Sigmar Polke, “Kandinsdingsda”, 1976, Gouache, Acrylic and Collage on Paper Mounted on Canvas, Artist’s Estate
Sigmar Polke was born in Oels, an east German region, in 1941. His family soon fled to west Germany in 1953, settling in Dusseldorf where Polke studied at the Dusseldorf Art Academy between the years 1961 and 1967. While still in school, Polke, along with Gerhard Richter and Konrad Fischer, founded the Captialist Realism movement.
The Capitalist Realism movement incorporated aspects of American Pop Art’s interest in consumer and popular imagery with abstraction and an emphasis on a progressive use of mediums. The movement also instilled into their works satirical commentary about consumerism, the political climate in Germany at the time: the movement’s name was a play on the Russian art movement of Socialist Realism.
Polke’s artistic practice embraced and incorporated mistakes such as drips, tears, and copy printing errors into his paintings. His experimentation with photography in the 1970s intentionally disregarded the standard rules: dropping the wrong chemicals onto the paper, turning on the light during development, brushing the developer on selectively, using exhausted fixer. Polke would then use these ‘mistakes’ to explore his interest in abstract pictorial space.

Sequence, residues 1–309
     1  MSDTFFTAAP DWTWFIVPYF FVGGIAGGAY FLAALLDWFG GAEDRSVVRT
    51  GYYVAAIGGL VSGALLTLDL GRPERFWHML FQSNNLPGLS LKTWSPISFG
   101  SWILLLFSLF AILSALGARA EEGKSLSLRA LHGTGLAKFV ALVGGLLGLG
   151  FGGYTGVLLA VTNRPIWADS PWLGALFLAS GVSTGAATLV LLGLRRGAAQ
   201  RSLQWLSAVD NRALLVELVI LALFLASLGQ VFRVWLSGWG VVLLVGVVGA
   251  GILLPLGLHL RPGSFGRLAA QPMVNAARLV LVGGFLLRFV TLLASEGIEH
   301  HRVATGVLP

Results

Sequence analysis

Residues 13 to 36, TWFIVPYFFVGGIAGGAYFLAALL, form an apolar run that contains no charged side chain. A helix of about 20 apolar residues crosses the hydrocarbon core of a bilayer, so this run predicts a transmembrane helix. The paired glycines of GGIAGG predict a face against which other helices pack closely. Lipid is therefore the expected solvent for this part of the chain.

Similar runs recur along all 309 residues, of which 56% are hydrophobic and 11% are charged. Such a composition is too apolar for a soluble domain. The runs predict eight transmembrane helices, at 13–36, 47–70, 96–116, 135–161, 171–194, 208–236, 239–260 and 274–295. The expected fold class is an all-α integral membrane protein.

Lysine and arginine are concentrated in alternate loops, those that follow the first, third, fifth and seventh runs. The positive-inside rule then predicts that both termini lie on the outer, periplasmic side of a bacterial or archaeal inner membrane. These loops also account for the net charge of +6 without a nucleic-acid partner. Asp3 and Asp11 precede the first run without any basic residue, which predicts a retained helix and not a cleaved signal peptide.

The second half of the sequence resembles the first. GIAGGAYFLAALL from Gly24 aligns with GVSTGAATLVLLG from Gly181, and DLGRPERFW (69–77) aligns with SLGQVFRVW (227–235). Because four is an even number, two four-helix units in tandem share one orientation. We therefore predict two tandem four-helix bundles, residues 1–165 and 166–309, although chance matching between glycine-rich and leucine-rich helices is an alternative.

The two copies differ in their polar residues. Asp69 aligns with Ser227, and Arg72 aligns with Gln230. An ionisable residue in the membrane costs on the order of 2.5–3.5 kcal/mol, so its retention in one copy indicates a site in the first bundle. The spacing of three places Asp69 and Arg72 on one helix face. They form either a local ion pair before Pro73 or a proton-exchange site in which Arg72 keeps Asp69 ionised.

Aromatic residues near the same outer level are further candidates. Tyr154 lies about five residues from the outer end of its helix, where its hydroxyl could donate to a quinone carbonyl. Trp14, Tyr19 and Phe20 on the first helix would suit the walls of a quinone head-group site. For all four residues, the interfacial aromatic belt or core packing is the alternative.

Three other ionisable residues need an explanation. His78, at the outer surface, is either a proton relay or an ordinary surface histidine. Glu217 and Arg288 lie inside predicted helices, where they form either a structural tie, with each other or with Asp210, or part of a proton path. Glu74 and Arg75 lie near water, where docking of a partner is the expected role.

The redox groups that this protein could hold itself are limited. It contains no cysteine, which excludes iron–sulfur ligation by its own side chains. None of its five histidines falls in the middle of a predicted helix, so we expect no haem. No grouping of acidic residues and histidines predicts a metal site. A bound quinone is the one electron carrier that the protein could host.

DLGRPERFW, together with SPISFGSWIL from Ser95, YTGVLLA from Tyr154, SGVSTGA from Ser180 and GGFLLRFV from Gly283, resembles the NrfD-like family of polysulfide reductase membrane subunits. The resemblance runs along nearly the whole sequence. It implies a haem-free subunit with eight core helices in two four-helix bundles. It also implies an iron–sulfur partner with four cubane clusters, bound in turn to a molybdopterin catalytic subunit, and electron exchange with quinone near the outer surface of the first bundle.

Polke’s irreverence for classical artistic practices made for an innovative and stylistically uncategorizable body of work that used photography and printed materials as source material, silkscreened layers on top of painterly expanses, chemical substances and other non-art materials within a collage-like aesthetic.